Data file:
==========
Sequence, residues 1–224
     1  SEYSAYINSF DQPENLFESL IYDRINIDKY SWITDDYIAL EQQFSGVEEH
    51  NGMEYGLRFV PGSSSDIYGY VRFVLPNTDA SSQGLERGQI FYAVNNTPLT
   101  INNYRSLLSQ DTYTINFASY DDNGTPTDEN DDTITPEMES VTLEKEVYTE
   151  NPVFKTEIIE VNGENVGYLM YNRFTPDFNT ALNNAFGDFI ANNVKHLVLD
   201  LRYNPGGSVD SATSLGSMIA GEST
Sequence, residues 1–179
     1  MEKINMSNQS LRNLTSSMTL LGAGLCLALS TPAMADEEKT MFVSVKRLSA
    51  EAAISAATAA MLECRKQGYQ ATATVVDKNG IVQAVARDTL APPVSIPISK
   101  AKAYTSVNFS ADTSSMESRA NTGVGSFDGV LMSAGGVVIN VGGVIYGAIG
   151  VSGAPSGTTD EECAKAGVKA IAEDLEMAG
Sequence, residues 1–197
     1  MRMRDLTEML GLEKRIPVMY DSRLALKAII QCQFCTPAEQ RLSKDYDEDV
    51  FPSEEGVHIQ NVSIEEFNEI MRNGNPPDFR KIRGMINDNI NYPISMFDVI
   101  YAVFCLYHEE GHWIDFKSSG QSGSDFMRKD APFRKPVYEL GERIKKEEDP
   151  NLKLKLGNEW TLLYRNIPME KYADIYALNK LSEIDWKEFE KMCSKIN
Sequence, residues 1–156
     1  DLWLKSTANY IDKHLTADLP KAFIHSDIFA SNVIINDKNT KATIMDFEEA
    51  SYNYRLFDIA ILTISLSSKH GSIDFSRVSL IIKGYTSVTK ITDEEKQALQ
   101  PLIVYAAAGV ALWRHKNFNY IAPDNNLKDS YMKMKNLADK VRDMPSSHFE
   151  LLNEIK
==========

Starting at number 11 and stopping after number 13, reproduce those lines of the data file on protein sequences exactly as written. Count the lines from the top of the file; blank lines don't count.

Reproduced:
   151  VSGAPSGTTD EECAKAGVKA IAEDLEMAG
Sequence, residues 1–197
     1  MRMRDLTEML GLEKRIPVMY DSRLALKAII QCQFCTPAEQ RLSKDYDEDV